FAYETTEVILLE, NC – Inside the home of Master Sgt. Ignacio Jimenez, David Poole, Danny Delgado, and Wesley Branch are photos of Margaret “Clair” Clark riding a bicycle.
The roommates didn’t know Clark, who died in 2012, but the room is given to her by her brother Dr. Franklin Clark called to mind.
It’s part of the Fayetteville Friendship House community approaching their sophomore year, bringing together students or young professionals with adults like Clair Clark who have special needs.
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And in December, Dr. Clark made another contribution – $ 20,000 per year over the next three years – to subsidize the monthly rent of $ 450 for young professionals or students in health care, allied health care, or human services who are willing to be roommates, mentors and friends of adults with special needs.
Jimenez is already one of those mentors, becoming the first soldier to join the community that sits between Broadfoot and Highland Streets near the Highland Presbyterian Church.
He has been in the Army for 14 years and is a graduate student and recruiter assigned to a battalion that helps recruit warrant officers for special operations.
He has been married throughout his career in the Army and is considered a geographic bachelor because his job requires him to travel regularly.
His wife and baby live in California, where Jimenez said his wife has a family support system.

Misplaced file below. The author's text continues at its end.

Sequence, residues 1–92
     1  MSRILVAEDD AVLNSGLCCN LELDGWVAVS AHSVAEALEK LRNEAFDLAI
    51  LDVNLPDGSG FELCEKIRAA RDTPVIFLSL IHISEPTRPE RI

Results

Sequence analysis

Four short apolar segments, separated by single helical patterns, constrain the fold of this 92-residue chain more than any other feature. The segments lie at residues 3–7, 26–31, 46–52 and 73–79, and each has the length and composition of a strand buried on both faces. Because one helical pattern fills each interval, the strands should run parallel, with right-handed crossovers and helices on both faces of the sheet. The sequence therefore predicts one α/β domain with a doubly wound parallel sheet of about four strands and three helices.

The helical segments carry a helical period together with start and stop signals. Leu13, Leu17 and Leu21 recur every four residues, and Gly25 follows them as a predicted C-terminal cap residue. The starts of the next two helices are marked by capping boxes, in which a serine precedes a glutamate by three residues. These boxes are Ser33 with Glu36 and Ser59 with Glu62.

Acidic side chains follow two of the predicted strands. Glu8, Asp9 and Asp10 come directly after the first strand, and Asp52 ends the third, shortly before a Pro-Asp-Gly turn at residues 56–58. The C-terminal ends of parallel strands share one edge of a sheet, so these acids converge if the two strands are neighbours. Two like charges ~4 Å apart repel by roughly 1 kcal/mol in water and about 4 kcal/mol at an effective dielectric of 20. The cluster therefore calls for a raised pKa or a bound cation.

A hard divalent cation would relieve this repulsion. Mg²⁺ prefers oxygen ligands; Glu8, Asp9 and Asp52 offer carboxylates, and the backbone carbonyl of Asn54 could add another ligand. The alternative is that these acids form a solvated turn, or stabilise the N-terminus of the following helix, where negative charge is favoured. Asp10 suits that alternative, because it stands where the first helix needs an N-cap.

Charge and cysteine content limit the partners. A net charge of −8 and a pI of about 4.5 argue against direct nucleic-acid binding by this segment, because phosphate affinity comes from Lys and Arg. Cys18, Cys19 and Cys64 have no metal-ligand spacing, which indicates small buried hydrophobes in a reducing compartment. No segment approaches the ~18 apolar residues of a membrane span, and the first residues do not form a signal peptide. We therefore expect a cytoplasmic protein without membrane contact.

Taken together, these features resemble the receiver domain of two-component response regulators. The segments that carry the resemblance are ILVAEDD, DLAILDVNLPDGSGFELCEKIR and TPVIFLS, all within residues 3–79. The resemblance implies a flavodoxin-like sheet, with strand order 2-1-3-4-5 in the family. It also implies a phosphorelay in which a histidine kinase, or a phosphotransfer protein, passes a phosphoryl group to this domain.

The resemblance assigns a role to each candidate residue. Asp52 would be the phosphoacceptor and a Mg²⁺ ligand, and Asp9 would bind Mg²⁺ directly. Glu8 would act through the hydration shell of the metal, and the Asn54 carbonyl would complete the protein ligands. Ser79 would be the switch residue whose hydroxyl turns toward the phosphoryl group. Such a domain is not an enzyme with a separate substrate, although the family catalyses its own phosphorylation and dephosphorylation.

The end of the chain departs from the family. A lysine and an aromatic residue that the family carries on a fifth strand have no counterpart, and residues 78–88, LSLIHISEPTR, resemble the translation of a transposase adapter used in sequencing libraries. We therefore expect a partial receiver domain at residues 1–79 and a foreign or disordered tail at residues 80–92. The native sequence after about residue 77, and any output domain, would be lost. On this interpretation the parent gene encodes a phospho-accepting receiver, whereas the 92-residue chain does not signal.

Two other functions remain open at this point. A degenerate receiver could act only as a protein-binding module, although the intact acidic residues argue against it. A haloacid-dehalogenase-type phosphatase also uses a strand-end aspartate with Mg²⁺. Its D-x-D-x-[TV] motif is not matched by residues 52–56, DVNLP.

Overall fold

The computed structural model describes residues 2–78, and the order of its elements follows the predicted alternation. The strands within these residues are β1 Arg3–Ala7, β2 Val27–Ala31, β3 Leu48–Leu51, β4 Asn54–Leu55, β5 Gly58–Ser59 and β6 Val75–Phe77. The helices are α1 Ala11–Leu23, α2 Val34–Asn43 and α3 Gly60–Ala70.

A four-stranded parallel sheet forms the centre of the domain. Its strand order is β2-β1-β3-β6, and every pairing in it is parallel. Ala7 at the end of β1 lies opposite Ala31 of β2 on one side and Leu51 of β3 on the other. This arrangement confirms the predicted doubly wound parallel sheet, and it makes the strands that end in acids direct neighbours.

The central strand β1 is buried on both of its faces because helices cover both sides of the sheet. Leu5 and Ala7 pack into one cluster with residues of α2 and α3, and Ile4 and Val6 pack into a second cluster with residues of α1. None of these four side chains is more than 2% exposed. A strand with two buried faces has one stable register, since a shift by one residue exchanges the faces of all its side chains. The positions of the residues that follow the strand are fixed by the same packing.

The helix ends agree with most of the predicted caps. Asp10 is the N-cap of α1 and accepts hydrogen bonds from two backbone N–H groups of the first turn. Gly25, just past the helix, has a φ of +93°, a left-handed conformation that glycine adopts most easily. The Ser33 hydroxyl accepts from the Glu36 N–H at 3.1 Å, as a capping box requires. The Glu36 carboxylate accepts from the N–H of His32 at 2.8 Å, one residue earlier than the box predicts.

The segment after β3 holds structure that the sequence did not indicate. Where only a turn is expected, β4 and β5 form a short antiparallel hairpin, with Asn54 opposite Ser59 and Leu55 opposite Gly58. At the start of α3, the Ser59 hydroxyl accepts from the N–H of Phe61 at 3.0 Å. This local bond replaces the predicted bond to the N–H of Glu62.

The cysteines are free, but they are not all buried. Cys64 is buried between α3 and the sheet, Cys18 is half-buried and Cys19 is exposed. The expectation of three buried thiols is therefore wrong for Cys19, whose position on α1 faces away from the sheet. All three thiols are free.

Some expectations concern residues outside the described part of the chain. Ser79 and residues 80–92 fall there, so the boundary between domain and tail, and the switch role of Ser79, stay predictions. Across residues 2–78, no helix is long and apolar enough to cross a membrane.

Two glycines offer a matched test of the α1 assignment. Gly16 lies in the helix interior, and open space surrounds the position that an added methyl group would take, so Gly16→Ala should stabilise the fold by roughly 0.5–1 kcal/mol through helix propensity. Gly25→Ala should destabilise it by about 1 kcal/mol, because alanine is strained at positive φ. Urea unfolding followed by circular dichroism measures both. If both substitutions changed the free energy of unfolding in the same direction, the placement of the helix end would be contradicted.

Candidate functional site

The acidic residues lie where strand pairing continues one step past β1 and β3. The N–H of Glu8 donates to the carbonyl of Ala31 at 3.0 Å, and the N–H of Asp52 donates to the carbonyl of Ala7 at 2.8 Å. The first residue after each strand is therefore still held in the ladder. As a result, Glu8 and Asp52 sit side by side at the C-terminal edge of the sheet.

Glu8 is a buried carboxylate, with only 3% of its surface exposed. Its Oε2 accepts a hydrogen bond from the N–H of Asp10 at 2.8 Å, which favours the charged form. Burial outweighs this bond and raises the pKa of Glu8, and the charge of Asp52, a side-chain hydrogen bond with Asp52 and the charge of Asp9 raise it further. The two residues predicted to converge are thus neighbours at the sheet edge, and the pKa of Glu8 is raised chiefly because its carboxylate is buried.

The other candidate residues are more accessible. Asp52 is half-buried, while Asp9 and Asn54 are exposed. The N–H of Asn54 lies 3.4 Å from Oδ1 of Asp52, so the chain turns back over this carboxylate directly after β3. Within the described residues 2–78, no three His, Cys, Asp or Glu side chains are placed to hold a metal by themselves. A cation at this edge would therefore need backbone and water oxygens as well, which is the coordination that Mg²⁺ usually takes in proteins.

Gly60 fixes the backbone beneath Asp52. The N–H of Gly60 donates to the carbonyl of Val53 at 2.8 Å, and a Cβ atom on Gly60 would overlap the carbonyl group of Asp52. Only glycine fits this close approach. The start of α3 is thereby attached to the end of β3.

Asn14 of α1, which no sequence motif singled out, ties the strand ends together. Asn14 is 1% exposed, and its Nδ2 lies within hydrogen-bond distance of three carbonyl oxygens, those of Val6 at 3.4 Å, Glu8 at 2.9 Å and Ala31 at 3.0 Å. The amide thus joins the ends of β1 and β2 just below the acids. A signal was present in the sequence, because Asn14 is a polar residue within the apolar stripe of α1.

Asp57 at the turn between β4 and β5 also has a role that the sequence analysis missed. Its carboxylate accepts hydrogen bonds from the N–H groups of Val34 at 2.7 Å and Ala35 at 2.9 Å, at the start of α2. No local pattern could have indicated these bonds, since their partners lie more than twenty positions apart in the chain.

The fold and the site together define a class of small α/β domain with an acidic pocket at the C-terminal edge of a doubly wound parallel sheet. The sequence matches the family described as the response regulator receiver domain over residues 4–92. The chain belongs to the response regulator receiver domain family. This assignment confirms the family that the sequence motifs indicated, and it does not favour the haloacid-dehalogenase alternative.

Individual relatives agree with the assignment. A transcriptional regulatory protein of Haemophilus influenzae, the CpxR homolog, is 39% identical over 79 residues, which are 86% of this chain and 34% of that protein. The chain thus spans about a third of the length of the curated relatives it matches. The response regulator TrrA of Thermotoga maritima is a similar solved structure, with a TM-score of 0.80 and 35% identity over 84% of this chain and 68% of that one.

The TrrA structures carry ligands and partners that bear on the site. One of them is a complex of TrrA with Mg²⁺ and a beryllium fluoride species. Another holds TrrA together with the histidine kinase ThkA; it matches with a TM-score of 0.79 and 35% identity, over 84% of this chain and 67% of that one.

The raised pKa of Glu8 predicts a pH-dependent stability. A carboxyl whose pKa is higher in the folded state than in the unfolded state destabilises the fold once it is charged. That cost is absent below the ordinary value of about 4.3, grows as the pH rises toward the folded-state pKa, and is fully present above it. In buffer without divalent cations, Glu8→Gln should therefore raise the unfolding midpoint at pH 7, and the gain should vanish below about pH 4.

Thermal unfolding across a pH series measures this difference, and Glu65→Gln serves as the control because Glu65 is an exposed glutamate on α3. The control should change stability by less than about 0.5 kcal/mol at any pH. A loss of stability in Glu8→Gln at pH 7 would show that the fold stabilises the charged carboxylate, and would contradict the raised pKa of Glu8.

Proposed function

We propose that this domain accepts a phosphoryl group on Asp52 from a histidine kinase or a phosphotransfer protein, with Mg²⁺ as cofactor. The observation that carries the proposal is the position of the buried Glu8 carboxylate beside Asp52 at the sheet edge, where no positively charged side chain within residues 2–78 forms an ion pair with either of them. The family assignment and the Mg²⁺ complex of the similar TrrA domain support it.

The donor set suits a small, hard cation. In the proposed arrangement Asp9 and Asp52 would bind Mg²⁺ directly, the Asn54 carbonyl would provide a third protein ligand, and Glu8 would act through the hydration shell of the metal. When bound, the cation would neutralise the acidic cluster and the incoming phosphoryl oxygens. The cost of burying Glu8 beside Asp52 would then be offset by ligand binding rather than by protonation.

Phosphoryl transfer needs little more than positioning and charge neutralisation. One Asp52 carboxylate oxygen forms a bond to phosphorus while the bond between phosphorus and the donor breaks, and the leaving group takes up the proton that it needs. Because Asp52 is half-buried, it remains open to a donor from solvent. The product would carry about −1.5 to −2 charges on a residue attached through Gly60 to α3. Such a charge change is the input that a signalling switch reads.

While looking for affordable housing on site, he came across the Fayetteville Friendship House.
“To be able to answer and to help and only to be there for people who may not have as much experience with life as I do. To be only there for them is what I find most rewarding to be here”, said Jimenez.
The young professionals who are roommates of an adult with special needs are not their caregivers, but friends who encourage their roommates to develop skills to live independently.
There are three young professionals or students who are asked to live with a “friend,” an adult with special needs, to make a total of 24 people who can live in the Friendship House community.
Jimenez, Delagado, and Poole are with Wesley Branch, who has lived at the Fayetteville Friendship House for about a year and three months.
“Overall, I think I enjoyed it pretty much,” said Branch. “We had stuff on Sunday night… very little time with other roommates. Socially, my favorite pastime was playing bridge or golf. “
Another Branch roommate, Poole, has been at the Fayetteville Friendship House for about 18 months and is in his third year of Fayetteville State University.
Originally a major in criminal justice, he decided to switch to sociology to help people with disabilities.
“It really gave me a passion to do that,” he said. “Being here definitely changed my life a lot… I have a brother who is autistic and I’ve lived with him all my life and that gave me some experience of living here and I realized it better suited me to talk to and relate to these people. “
Katie Huddy lives next to Jimenez, Delgado, Branch and Poole and has lived at the Fayetteville Friendship House since July.
Huddy is a licensed mental health counselor at Cape Fear Behavioral Health Center who learned about the program through her sister, a medical student at Methodist University.
“I have a disability myself, so I can relate to them a bit …” said Huddy, who uses forearm crutches to aid her mobility. “I think it’s very helpful just for me too, so that I can understand people with different disabilities, be it autism or Down syndrome or (attention deficit hyperactivity disorder) or something like that, I can at least somehow understand how they deal with it. how to deal with it … what works. “
The concept for the Fayetteville Friendship House began with Scott Cameron, a local neonatal intensive care physician, who attended Duke University’s Divinity School and was part of a similar program when living with a roommate with Down syndrome.